FLORHAM PARK, N.J. -- Everybody knows the name of Malcolm Butler, the New England Patriots' Super Bowl hero. That wasn't the case last Oct. 26, when he saw mop-up duty in a blowout win over the Chicago Bears. He played only 15 snaps, but he broke up two passes and made an impression on one of the Bears' receivers, Brandon Marshall.
"He came in and did a great job vs. Alshon [Jeffery] on a couple of plays in that game," Marshall said Friday. "I was a little shocked. I was like, 'This kid can play a little bit.' I overlooked him when he was standing in front of me. He made a few plays and I'm like, 'This kid can be special.'"
Nobody knew about Butler until the Super Bowl, when he clinched the Patriots' victory by intercepting Russell Wilson 's pass at the goal line in the final seconds. Because of offseason upheaval -- the Patriots said goodbye to Darrelle Revis and Brandon Browner -- Butler has become the Patriots' No. 1 cornerback. He plays both sides in their defense, so you'll probably see many Butler-Marshall matchups when the New York Jets meet the Patriots on Sunday.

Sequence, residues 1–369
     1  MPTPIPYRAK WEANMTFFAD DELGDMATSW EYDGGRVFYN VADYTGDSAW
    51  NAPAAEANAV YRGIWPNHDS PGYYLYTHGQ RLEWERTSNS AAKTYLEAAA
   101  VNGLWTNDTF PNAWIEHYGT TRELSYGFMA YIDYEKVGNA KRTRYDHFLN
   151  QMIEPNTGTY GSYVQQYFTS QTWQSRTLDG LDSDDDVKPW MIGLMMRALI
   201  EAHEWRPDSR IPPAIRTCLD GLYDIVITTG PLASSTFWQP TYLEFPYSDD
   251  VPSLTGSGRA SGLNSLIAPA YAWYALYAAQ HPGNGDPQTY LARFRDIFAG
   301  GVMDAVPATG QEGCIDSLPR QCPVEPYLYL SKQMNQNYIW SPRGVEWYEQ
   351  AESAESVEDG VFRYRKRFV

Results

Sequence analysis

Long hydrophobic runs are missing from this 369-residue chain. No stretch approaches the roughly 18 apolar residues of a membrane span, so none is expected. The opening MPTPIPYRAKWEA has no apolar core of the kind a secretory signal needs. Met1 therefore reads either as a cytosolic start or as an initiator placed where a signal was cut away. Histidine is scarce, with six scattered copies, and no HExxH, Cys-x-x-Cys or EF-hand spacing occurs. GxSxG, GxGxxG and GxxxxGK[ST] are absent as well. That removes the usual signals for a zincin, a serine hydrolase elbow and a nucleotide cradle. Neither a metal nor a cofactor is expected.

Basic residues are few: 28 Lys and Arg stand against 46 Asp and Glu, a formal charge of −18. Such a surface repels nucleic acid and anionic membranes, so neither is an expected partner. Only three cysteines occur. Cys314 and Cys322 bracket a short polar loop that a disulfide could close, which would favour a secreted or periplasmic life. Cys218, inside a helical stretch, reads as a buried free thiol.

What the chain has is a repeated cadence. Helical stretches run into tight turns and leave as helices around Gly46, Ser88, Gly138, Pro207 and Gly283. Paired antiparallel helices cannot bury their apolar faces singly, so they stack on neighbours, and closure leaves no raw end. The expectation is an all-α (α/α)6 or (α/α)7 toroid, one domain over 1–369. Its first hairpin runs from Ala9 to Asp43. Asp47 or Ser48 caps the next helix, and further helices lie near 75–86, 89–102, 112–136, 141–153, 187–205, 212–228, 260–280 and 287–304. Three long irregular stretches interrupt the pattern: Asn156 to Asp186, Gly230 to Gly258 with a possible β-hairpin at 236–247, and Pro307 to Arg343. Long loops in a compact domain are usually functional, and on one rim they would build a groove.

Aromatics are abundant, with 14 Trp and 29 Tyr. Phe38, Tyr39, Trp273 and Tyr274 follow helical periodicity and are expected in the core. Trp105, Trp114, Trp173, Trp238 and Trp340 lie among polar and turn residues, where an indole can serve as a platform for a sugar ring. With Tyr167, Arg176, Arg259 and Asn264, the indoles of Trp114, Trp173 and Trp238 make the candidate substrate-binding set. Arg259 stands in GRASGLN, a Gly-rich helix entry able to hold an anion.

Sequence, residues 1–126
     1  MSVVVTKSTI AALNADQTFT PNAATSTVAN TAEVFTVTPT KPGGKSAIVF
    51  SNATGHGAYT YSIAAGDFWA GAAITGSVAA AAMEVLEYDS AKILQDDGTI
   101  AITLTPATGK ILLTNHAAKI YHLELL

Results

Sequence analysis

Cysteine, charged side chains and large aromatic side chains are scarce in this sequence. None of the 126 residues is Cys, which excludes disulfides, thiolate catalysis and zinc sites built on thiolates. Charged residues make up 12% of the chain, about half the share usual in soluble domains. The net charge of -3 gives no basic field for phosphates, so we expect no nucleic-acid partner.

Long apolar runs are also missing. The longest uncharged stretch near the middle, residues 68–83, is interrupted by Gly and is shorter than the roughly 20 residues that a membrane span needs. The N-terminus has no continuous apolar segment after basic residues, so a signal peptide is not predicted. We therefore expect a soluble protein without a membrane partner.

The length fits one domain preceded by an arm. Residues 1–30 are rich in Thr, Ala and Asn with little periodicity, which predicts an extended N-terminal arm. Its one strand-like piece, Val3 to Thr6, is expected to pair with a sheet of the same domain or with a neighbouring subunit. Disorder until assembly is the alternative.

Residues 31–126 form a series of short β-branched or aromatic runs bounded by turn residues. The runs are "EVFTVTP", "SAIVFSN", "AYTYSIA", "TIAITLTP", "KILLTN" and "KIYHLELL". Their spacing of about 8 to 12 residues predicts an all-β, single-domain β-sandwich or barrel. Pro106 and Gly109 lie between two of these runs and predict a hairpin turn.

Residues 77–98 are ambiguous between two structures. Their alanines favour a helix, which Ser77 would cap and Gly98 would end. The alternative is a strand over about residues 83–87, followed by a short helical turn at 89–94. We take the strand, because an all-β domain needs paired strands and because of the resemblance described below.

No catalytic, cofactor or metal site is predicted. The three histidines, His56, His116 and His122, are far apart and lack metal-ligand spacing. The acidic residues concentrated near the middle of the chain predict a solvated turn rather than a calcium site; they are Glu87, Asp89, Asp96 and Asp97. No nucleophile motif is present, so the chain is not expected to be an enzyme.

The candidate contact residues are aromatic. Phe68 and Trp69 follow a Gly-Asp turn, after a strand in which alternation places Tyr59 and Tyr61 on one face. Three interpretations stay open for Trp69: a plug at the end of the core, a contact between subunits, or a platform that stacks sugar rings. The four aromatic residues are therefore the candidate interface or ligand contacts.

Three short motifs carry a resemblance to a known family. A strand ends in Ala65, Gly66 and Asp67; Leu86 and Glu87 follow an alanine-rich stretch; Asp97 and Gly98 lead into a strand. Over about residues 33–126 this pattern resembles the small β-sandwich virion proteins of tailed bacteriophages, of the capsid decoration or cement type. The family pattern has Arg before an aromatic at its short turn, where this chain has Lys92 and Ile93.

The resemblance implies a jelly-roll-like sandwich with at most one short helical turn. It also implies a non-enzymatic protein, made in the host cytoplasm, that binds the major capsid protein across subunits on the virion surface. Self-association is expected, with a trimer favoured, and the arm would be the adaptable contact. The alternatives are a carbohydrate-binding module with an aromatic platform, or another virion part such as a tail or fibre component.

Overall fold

"He's feisty," Marshall said. "He reminds me a lot of Buster [Skrine]. It's going to be tough to make plays on him. He has tremendous makeup speed, and he competes. He's tough."
Maybe so, but he's still a former undrafted player from West Alabama. Statistically, Butler isn't having a great year. He already has allowed four touchdown passes and a 119 passer rating, according to Pro Football Focus. If he covers Marshall, the Patriots probably will roll coverage to his side, providing deep help. If it's single coverage -- Butler vs. Marshall -- the Jets would be very happy.